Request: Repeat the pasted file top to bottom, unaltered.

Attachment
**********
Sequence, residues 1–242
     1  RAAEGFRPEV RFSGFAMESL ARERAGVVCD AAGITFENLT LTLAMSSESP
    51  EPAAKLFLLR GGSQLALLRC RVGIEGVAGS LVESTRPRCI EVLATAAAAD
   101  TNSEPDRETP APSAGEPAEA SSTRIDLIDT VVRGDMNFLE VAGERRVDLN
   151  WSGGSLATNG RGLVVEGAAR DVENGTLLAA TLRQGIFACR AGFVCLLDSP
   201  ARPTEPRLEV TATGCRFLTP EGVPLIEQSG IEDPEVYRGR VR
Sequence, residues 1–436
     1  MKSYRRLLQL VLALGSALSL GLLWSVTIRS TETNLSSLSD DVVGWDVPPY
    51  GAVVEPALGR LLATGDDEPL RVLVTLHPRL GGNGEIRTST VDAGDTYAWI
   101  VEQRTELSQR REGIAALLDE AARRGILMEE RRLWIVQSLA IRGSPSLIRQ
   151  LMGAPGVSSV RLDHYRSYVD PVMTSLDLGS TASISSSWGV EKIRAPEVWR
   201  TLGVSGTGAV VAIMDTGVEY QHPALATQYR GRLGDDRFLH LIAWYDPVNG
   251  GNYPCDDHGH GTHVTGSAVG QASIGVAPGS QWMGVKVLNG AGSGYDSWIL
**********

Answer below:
Sequence, residues 1–242
     1  RAAEGFRPEV RFSGFAMESL ARERAGVVCD AAGITFENLT LTLAMSSESP
    51  EPAAKLFLLR GGSQLALLRC RVGIEGVAGS LVESTRPRCI EVLATAAAAD
   101  TNSEPDRETP APSAGEPAEA SSTRIDLIDT VVRGDMNFLE VAGERRVDLN
   151  WSGGSLATNG RGLVVEGAAR DVENGTLLAA TLRQGIFACR AGFVCLLDSP
   201  ARPTEPRLEV TATGCRFLTP EGVPLIEQSG IEDPEVYRGR VR
Sequence, residues 1–436
     1  MKSYRRLLQL VLALGSALSL GLLWSVTIRS TETNLSSLSD DVVGWDVPPY
    51  GAVVEPALGR LLATGDDEPL RVLVTLHPRL GGNGEIRTST VDAGDTYAWI
   101  VEQRTELSQR REGIAALLDE AARRGILMEE RRLWIVQSLA IRGSPSLIRQ
   151  LMGAPGVSSV RLDHYRSYVD PVMTSLDLGS TASISSSWGV EKIRAPEVWR
   201  TLGVSGTGAV VAIMDTGVEY QHPALATQYR GRLGDDRFLH LIAWYDPVNG
   251  GNYPCDDHGH GTHVTGSAVG QASIGVAPGS QWMGVKVLNG AGSGYDSWIL